Furthermore, we have analyzed and compared the scientific evidence for the efficacy and safety of different approaches of PNS for different mental disorders, and evaluated their advantages and disadvantages for patients. We found preliminary evidence for efficacy and an acceptable risk-benefit profile for DBS and for micro- or radiosurgical anterior capsulotomy for intractable obsessive-compulsive disorder. We recommend to consider these methods for individual treatment attempts. However, multi-centre randomized controlled trials are necessary to provide reliable evidence. We also evaluated emerging techniques aiming at controlling brain functions situation-specifically, e.g., optogenetics and closed-loop DBS. One focus was on possible applications of PNS in forensic contexts, e.g., for treating pedophilic child offenders or psychopaths, another focus was psychosocial consequences of pediatric epilepsy surgery.

Tade Matthias Spranger (Germany):

The legal project has considered those elements of International Law, which might provide any important information regarding the legal assessment of psychiatric neurosurgery, as well as basic human rights documents (e.g., the UN Convention on the Rights of People with Disabilities, the Council of Europe’s Convention on Human Rights and Biomedicine, and the Additional Protocol to the Convention on Human Rights and Biomedicine, concerning Biomedical Research). Furthermore, the German law was examined with regard to psychiatric neurosurgery. One focus was the analysis of Ulysses contracts for psychiatric neurosurgery, another focus were issues of informed consent and free will. It was shown that so-called Ulysses testaments, which allow physicians to switch off the stimulation against the will of a legally competent patient, are no valid legal instruments.

Judy Illes (Canada):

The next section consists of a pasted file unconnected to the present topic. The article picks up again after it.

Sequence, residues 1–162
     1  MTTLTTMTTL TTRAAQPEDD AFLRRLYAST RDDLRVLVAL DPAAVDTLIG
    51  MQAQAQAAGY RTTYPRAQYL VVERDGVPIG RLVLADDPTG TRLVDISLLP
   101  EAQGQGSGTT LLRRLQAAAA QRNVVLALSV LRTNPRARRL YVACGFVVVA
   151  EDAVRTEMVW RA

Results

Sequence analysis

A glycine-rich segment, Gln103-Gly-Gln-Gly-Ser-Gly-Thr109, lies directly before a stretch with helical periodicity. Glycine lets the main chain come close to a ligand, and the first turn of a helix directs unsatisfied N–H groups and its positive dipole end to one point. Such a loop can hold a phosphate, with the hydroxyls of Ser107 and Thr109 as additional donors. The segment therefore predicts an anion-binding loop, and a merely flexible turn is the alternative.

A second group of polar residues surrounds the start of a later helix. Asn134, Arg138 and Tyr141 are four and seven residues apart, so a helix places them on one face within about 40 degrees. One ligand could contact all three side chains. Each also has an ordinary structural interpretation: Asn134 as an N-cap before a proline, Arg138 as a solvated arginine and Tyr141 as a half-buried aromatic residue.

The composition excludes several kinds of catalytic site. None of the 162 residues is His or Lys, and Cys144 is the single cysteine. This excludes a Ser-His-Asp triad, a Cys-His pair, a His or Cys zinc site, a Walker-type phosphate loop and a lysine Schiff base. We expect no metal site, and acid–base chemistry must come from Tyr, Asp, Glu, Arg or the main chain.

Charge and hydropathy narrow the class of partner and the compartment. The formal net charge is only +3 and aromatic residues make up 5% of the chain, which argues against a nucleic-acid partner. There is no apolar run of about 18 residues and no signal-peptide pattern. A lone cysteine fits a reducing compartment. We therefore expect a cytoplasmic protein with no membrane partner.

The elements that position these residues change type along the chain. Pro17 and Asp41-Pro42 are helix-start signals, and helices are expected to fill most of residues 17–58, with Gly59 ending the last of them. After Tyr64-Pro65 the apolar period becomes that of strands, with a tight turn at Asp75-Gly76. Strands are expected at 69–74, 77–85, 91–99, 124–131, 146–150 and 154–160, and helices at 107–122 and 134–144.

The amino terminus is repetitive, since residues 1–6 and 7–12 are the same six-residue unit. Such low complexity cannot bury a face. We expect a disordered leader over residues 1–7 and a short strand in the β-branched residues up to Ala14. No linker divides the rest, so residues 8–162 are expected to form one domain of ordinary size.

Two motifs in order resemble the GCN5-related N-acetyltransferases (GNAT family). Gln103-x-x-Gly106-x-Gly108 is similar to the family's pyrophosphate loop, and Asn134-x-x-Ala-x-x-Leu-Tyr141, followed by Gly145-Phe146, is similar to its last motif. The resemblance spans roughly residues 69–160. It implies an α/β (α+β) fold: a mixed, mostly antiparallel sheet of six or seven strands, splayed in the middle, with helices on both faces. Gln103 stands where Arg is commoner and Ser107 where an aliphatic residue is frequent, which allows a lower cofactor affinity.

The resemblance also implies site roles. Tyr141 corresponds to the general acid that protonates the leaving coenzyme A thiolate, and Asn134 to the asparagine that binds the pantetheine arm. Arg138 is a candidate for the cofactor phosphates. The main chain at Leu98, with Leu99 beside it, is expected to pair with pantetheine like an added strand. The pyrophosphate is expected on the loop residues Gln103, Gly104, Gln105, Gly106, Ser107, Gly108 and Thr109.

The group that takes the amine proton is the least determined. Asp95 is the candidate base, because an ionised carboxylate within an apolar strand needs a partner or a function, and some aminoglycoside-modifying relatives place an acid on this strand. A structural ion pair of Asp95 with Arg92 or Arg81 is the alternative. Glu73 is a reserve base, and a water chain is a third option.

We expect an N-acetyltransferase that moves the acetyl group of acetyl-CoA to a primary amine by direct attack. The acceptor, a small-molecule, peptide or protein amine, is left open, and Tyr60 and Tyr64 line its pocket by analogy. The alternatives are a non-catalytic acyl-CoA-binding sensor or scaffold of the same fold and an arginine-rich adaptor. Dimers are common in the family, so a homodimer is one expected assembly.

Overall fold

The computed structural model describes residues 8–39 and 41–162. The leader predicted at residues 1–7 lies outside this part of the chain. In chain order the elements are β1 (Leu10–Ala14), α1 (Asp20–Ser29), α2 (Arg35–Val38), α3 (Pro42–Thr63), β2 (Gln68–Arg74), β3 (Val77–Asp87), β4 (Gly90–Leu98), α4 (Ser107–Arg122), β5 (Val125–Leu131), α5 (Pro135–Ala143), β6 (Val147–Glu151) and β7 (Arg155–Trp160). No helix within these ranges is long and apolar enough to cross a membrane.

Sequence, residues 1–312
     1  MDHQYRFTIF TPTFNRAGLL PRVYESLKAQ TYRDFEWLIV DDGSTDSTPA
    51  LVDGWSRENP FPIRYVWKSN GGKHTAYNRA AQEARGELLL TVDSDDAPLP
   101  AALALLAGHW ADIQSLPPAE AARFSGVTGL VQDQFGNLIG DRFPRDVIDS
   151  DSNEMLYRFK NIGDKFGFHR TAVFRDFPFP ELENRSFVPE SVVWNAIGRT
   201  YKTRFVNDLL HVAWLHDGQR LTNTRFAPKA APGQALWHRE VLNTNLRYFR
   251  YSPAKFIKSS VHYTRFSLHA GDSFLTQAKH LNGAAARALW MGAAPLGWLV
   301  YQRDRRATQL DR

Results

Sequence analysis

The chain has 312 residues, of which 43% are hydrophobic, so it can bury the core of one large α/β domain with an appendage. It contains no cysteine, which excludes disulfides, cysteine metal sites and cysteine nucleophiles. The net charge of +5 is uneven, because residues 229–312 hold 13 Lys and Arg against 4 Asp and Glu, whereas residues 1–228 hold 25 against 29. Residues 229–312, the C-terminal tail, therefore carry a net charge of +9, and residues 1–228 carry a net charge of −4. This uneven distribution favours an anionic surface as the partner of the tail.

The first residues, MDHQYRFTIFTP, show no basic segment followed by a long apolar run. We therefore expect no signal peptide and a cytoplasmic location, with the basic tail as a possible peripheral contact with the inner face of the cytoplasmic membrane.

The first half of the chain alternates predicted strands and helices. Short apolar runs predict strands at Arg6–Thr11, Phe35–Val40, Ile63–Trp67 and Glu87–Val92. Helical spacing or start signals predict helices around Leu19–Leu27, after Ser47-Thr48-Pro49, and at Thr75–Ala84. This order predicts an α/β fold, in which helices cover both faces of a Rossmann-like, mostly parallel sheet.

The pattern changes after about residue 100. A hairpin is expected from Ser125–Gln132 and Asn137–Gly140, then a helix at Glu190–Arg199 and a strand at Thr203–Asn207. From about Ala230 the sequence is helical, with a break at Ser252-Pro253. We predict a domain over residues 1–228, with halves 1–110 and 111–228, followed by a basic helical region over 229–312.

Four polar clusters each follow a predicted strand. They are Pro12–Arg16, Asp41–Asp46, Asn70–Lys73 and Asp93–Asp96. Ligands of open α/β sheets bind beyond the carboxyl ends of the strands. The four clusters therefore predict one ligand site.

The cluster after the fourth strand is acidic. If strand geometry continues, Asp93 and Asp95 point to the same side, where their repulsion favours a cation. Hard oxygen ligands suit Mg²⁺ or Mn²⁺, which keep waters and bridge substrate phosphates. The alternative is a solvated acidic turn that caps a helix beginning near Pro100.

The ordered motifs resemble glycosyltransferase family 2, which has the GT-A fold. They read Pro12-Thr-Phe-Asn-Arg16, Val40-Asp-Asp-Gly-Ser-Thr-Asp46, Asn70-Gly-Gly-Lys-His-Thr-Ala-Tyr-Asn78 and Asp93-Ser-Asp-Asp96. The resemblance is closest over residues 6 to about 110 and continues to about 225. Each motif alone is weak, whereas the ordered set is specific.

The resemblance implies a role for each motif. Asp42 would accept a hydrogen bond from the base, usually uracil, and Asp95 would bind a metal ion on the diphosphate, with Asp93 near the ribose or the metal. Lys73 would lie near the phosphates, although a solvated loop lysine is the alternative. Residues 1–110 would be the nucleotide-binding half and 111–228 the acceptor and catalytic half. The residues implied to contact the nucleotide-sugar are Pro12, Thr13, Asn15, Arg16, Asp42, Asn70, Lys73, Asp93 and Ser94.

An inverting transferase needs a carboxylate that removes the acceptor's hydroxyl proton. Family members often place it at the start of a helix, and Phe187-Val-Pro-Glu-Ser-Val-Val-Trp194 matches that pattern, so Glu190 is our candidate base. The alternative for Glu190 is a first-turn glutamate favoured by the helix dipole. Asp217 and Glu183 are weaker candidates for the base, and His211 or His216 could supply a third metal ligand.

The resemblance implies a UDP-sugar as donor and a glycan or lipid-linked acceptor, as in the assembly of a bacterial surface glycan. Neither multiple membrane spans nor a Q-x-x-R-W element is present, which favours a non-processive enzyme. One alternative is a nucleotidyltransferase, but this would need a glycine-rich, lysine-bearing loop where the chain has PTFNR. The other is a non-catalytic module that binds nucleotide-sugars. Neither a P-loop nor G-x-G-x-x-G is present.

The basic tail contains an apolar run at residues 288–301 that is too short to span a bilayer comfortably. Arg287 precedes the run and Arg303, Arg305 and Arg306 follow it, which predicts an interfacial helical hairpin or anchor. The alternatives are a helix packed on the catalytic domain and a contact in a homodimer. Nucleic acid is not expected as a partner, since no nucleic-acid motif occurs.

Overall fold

Little is known about current public opinions, expectations, hopes, and concerns over modern psychiatric neurosurgery, particularly given the controversial history of psychosurgery. To fill this knowledge gap, the social science project investigated with support of the ethics team cross-national themes, trends and values surrounding the use of different psychiatric neurosurgery procedures. For that, they investigated how print media in Canada, USA, Germany, and Spain reported about PNS in the years 1960 to 2015. The most discussed topics and the tone of the articles were analyzed, and differences between the four countries were described. One main result was that the tone of coverage became more positive for Canada, USA and Spain over time; whereas it remained cautious in Germany. In the next step, comments made by readers in response to news articles about PNS posted between 2006 and 2017 were analyzed. For further investigating current public opinions, expectations, hopes, and concerns over PNS, a focus group study was conducted that included 8 focus groups in Vancouver, Montreal, Berlin, and Madrid. The organization of the focus groups in Madrid was supported by Roberto Martínez-Álvarez. Findings indicate that participants across all cities hold concerns about the potential impact on the authentic self of patients who undergo PNS. Furthermore, participants made many references to historical psychosurgery and mostly negative and pessimistic comments about ablative neurosurgical interventions, whereas comments to deep brain stimulation were more positive.